Tomato plants' leaves curling. How much sunlight needed?

HighlanderNorthJuly 10, 2014

Apparently I have 2 problems with my tomato plants this year. First of all, I have 1 Fourth of July, and 4 of another, hybrid type I cant remember the name of. I planted them in a new spot this year, and in the new spot I chose, I assumed I'd get at least 8 hours of direct sunlight, but what I have noticed is that since I planted them in a 20 foot long row with 2 peppers mixed in, the plants at one end of the row get probably 1.5 to 2 hours less sunlight than the ones at the other end due to the tall trees at that end. I knew there would be some difference, but I didnt think it would be nearly 2 hours.

Aside from that, none of these tomatoes and pepper plants are getting more than about 5 hours. That means they are now getting between 4.5 to 6.5 hours of direct sun per day, and when the sun starts dropping lower in the sky, I am sure the current amount they are getting will be reduced, so that by September they will be at or under 4 to 5 hours.

The 4th of July is producing tomatoes, and the others have produced a couple so far, and should start producing about now, but the plants themselves are not very thick, in fact they are quite thin. That brings me to problem #2.

With 1 of the hybrid tomato plants, I noticed it started showing curled leaves from just 3 weeks after they were planted in late May. They began as very small plants about 8" tall in a small 6-pack type market pack with openings about 1.5" x 2" wide at the top.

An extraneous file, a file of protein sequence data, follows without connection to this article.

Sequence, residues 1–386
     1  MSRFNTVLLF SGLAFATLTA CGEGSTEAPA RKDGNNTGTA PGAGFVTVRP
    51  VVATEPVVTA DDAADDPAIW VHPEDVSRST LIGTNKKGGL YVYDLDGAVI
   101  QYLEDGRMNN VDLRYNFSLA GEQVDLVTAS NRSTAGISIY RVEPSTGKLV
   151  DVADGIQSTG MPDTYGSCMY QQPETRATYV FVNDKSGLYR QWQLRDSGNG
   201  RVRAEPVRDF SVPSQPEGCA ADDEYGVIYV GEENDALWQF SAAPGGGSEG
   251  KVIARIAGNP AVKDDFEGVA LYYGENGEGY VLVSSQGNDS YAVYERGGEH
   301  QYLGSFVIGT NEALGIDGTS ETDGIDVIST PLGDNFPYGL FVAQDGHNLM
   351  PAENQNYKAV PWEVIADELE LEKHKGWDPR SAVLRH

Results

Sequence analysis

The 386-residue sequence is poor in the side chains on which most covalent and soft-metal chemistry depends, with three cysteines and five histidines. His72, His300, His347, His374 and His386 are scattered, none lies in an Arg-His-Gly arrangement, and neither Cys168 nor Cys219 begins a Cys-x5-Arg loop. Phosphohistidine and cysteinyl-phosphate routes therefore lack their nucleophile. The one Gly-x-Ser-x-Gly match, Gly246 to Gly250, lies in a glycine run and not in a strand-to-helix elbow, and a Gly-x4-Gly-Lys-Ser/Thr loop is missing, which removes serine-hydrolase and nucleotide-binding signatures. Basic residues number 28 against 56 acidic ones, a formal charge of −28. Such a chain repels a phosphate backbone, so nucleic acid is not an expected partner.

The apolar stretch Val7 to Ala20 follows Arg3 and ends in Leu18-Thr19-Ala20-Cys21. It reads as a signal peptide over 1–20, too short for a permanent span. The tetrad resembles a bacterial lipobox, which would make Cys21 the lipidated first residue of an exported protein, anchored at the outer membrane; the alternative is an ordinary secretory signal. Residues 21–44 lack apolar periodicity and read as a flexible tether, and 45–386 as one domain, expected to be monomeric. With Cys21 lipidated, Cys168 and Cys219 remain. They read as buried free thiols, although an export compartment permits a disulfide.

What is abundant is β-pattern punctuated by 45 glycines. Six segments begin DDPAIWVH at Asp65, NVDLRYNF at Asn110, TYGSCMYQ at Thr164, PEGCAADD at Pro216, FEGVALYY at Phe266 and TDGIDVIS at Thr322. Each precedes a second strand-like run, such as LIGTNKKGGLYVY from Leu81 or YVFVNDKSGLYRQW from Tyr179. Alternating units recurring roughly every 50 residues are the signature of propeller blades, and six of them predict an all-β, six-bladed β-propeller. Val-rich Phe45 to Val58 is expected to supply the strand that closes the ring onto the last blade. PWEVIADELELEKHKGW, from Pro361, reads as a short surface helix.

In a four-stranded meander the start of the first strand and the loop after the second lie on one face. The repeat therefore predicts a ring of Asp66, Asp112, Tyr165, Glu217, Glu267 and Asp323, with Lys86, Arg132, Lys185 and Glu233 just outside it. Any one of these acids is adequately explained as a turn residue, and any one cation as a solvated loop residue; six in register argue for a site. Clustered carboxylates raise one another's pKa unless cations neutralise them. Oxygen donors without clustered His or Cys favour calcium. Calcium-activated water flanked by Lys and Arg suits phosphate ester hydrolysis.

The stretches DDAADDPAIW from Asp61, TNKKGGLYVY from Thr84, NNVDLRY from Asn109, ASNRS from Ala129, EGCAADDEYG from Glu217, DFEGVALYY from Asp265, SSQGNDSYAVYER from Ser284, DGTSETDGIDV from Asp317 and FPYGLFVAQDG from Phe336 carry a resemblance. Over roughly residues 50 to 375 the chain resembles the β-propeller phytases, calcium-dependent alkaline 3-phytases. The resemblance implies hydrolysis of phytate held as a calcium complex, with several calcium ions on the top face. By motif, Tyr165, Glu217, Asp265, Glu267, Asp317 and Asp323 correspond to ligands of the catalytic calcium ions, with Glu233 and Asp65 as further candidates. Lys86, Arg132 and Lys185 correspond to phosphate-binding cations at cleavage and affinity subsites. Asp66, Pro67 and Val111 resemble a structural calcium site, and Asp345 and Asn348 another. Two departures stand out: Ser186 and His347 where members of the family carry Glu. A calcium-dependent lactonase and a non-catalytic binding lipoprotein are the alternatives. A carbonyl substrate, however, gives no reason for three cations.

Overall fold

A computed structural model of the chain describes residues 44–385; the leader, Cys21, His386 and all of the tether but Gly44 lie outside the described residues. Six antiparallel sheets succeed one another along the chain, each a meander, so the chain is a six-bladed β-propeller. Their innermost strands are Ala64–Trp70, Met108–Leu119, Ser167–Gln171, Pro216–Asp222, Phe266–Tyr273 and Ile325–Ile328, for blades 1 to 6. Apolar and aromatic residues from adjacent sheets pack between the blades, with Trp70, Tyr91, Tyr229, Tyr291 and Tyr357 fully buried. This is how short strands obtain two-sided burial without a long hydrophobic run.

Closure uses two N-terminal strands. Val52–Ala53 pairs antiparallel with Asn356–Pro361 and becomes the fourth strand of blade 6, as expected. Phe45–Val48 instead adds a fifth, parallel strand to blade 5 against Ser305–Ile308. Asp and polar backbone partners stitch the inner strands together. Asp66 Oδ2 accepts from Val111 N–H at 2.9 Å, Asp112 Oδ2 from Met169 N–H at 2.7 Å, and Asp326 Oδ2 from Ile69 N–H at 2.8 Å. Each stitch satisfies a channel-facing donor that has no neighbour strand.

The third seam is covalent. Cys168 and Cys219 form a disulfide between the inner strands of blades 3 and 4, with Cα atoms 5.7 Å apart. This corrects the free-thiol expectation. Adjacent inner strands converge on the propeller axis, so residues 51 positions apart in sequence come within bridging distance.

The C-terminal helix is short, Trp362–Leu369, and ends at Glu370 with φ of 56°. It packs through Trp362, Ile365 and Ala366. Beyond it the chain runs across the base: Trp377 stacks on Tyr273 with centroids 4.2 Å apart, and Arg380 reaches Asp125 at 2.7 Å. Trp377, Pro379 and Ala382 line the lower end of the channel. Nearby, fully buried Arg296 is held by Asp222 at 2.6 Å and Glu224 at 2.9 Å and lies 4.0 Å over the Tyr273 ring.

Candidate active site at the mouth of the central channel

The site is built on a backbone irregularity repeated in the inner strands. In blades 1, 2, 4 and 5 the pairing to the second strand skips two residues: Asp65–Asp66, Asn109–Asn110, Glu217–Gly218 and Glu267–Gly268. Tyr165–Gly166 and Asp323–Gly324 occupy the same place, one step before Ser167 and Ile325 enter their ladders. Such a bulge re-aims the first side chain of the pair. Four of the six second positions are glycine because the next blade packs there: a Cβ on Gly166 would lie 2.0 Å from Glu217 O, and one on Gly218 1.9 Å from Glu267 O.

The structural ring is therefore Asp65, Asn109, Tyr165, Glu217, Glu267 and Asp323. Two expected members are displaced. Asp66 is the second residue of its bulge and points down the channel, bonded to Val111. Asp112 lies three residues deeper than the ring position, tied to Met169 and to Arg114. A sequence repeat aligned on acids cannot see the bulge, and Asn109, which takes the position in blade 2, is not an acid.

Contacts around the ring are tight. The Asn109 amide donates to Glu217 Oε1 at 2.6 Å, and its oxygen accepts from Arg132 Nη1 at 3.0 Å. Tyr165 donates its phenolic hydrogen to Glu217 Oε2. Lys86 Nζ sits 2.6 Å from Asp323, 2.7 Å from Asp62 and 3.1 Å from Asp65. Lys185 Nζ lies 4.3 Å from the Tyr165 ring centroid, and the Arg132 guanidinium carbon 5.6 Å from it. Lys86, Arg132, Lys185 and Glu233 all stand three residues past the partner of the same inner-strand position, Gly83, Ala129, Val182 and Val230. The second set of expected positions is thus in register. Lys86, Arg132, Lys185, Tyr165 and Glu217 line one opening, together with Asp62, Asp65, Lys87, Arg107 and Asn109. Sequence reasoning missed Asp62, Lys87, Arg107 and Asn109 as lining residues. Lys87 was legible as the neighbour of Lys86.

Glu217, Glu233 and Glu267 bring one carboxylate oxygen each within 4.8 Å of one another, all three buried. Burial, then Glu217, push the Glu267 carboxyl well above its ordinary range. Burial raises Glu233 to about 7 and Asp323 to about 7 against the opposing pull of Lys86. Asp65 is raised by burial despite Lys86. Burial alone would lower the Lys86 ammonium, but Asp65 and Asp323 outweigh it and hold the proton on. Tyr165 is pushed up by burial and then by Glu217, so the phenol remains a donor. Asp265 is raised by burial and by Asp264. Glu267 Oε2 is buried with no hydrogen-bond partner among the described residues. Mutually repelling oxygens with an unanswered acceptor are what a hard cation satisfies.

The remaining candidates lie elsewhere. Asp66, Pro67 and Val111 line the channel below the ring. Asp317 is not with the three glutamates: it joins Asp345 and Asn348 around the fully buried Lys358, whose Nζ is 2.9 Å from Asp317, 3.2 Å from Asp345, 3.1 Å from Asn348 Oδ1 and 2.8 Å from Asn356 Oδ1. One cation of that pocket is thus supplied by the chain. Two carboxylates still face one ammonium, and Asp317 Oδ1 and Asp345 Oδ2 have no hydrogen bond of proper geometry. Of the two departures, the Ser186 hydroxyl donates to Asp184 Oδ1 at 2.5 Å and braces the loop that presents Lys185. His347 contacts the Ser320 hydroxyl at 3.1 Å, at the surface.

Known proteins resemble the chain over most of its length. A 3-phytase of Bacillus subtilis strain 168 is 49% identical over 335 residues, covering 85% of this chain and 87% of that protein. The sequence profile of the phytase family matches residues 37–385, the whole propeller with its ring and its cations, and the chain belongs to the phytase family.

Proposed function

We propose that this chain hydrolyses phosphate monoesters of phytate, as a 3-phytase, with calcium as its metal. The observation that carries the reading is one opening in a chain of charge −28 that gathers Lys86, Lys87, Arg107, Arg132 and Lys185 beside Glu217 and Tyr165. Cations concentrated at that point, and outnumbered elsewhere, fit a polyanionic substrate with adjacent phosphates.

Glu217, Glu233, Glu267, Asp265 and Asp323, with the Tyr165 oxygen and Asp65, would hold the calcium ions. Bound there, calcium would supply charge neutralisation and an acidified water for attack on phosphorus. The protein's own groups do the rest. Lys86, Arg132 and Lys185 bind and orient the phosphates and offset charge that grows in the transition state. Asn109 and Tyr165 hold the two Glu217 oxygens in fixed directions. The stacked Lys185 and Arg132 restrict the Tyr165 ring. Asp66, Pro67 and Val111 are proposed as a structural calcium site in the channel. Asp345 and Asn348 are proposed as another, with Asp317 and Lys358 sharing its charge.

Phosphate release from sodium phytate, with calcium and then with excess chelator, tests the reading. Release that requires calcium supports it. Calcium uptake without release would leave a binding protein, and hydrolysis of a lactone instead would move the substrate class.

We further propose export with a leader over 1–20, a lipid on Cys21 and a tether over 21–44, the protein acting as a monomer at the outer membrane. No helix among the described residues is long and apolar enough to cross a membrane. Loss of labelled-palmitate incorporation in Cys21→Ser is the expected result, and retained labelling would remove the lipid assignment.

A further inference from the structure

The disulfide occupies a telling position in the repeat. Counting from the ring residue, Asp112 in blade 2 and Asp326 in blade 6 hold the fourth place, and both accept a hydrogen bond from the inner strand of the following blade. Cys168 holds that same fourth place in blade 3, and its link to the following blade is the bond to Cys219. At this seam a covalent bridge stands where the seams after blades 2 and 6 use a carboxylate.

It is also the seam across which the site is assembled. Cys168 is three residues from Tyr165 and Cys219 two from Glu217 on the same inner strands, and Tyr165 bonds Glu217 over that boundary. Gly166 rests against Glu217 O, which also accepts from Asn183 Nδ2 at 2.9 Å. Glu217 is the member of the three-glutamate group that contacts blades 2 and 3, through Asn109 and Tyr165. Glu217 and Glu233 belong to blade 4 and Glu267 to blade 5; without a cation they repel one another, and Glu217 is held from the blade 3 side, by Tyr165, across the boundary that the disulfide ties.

Its leaves continued curling as it grew, with more curled leaves coming out. But it grew slower than the other 5. But just about 2 weeks ago I noticed 2 other plants of this same variety starting to show curling leaves as well. I planted 2 of these same plants in a different area about 20 feet away, but they show no curled leaves. They have been watered about 2-3 times per week and I added mulch over the bases about 2 weeks ago to help hold water.

What is causing the curling leaves, and how much sun is not quite enough?

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seysonn(8a WA/HZ 1)

If you get 8 hours, that is pretty good. 5 to 6 hours is on the lower limit. I get about 5 hours direct sun plus lots of indirect and defused light. Not perfect but I am doing ok. In addition to light heat is also a factor. If your highs are 80F to 90F that can help a lot. With peppers, higher temperatures is a plus.

    Bookmark   July 10, 2014 at 10:45PM
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I have a similar situation. I get lots of indirect light, and some dappled sun in the morning, but I get full sun from 10:30am to 2:00pm and full sun on the tops of most of the plants until 4pm. We are getting tomatoes, not a bumper crop for sure, but we are getting them.

    Bookmark   July 12, 2014 at 3:42PM
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